Olympic Venues

Catherine Wood
0 CommentsPrint E-mail China.org.cn, August 24, 2009
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◇ Why is the Olympic Venues number 5 on the list?

The 2008 Olympic Venues are a very important site to Beijing and to China, not only because they were the scene of last summer's XXIX Olympic Games, but because of how China has chosen to present themselves to the world with these venues. China has long since been a country shrouded in mystery and now has chosen to open their doors and share their culture happily with the world; the Olympic games was one of the first opportunities we get to see how China wants to present itself.

◇ What to know before you head to Olympic Park:

Beijing's Olympic park is easily accessed via the Green Line on the Subway.

Admission into the Bird's Nest is 50 RMB and allows visitors to sit in the very seats spectators watched the Olympics. It isn't hard to imagine the excitement of the crowd and the enthusiasm hanging in the air from the games. Visitors can walk onto the field and look out into the "crowd" or simply have their picture taken with all of the larger than life Olympic mascots in the stands. These mascots (Beibei, Jingjing, Huanhuan, Yingying and Nini) are favorites among visitors and there is often a long line to get pictures made with a favorite. Just above the stands is an Olympic gift shop that visitors can come to peruse for their favorite hard-to-get merchandise. Although there isn't much else to do inside the stadium, it remains a cultural icon for Beijing and visitors are in no short supply. This is currently the largest source of income for the venue and usually fairly crowded.

The best time to visit the park is night, when the venues seem to come alive in brilliant shades of soft reds and blues. The Bird's Nest is illuminated in red and stands in stark contrast to the architecture of Ai Weiwei. The skeleton of the building stands out and the "negative space" takes center stage at night. It seems to reflect the warm light of the Olympic torch, a testament that even though the games are over, the spirit of the Olympics will never be extinguished. The Water Cube however is illuminated in a bright brilliant blue shade, reminiscent of the aquatic interior. These two brilliant nightlights bring a paradox of fire and water onto the Olympic Park while kite flyers quietly soar long tailed kites into the night sky and people stroll along the illuminated park.

◇ What is in store for the venues now that the Games are over?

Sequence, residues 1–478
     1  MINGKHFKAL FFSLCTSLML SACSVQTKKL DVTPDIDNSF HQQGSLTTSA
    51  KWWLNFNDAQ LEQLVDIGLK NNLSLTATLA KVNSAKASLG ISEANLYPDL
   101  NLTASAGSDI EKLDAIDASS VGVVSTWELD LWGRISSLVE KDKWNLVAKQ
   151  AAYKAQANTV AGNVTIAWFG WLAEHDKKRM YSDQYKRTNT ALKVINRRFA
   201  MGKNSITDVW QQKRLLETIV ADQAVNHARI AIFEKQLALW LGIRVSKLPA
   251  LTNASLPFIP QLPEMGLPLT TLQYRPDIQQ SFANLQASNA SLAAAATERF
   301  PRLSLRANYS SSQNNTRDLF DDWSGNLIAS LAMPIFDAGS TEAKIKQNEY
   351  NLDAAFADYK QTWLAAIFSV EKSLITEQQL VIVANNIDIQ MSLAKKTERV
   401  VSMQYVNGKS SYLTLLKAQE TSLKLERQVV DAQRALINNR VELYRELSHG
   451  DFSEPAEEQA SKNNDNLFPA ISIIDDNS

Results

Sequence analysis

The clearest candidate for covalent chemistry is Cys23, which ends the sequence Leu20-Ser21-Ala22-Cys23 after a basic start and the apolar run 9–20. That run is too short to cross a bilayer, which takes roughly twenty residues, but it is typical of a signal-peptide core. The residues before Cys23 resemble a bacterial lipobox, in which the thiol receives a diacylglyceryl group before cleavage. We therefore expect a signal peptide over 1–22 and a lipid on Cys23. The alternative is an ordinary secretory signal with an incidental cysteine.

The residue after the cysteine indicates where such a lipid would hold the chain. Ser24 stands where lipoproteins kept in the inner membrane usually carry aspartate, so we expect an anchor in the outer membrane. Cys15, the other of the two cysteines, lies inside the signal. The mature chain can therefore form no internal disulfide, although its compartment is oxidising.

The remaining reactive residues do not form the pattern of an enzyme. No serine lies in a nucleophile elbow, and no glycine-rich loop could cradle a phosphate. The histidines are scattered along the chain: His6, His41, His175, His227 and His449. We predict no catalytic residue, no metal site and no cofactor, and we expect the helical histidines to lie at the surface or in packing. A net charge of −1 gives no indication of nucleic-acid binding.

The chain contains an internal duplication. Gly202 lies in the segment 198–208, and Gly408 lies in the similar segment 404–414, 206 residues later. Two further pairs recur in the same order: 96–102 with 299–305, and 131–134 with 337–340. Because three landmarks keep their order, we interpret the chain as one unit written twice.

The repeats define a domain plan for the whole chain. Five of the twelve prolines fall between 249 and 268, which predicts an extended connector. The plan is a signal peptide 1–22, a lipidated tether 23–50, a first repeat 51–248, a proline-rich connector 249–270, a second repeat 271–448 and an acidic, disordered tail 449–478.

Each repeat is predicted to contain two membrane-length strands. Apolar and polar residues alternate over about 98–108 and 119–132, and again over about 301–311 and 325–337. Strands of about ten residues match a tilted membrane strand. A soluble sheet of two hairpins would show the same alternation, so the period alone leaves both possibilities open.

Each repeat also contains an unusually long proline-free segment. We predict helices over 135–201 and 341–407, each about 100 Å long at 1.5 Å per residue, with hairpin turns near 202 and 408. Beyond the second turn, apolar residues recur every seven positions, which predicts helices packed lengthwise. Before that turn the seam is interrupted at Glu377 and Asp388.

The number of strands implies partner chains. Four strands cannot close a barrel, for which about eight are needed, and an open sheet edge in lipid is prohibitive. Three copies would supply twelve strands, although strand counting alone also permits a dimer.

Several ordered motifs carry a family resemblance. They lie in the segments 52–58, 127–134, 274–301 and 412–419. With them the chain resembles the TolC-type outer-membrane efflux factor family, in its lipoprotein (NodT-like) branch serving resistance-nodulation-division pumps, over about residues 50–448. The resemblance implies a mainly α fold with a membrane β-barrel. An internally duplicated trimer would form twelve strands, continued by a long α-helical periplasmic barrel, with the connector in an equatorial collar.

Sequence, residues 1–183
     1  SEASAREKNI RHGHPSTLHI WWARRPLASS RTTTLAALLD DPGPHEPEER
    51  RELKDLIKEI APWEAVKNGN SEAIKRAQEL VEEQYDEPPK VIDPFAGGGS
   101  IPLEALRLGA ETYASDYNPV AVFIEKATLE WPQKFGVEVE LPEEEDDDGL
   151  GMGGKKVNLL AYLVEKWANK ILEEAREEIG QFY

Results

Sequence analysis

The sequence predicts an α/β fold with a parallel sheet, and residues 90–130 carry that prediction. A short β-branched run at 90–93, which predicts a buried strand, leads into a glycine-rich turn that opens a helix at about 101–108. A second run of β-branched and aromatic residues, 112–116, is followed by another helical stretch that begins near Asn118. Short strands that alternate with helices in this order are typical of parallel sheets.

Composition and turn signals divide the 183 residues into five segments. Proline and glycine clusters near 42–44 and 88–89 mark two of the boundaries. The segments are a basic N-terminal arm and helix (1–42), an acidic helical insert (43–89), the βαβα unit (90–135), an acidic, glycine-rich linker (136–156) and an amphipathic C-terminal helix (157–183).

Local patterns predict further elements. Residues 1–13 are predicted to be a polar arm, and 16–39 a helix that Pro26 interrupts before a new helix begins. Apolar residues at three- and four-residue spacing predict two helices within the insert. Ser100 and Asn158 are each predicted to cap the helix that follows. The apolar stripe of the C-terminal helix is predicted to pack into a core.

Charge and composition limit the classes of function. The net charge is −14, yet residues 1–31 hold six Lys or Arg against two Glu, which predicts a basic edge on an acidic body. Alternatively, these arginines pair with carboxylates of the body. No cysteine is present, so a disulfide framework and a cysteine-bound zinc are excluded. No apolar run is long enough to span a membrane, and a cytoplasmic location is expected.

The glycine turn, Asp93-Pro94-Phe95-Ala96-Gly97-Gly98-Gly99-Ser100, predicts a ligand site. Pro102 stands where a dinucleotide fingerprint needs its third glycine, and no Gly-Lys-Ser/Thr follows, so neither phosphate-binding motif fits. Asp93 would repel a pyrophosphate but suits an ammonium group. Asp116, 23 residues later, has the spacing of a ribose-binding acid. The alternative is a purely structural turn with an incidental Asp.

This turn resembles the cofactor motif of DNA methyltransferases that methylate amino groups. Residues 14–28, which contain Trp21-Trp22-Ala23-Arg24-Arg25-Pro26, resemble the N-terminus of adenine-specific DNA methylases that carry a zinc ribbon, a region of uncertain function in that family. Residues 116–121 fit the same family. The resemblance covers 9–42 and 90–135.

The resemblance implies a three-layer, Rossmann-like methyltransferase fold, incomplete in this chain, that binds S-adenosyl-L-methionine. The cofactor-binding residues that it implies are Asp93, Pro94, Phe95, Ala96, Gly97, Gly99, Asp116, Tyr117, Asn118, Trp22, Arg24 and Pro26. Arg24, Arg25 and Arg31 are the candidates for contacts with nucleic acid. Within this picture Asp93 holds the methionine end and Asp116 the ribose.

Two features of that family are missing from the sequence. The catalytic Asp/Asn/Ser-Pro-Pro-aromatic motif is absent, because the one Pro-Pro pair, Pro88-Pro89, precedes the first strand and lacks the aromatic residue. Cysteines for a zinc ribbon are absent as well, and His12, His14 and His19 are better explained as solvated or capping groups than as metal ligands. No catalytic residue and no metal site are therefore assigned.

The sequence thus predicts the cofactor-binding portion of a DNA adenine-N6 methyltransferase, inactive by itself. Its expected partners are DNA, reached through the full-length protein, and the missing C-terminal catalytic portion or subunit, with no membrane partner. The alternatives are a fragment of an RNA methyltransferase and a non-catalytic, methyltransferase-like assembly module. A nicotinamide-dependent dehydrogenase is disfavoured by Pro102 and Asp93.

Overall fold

One of the most exciting things about the venues is that their uses have not been limited to the Olympic Games but have since converted into world class venues for top events.

The Water Cube, still containing its diving platform and pools, has most recently converted into a water stage for the Imperial Russian Ballet. The world's first "sports edition" of the classic ballet Swan Lake was running through August 2, 2009 and showcased exciting divers and swimmers along with the classic ballerinas. Also the Olympic warm-up pool has been opened to the public and for 50 RMB, visitors can do laps in the same pool as Olympic greats like Michael Phelps.

The Bird's Nest has a lot of new and exciting activities lined up on the schedule. Most recently it was home to a summer concert series that included greats such as: Song Zuying, Jay Chou, Placido Domingo, and Lang Lang; all national favorites. It has been theorized that this could develop into an annual event for the venue and a great way to kick off summer. Other upcoming events include the opera Turandot, which, staged by Zhang Yimou (chief director of the opening and closing ceremonies at the Beijing Olympics), will begin on October 6. Additionally Beijing's first international car racing festival, the 2009 ROC Nations Cup, will be held on November 1, 2009.

Be sure to be on the lookout for other upcoming events. These are a great way to convert the venues into a new use and not let them slip into a dated era. Beijing anticipates using them for many years and is currently considering selling the naming rights.

(China.org.cn August 24, 2009)

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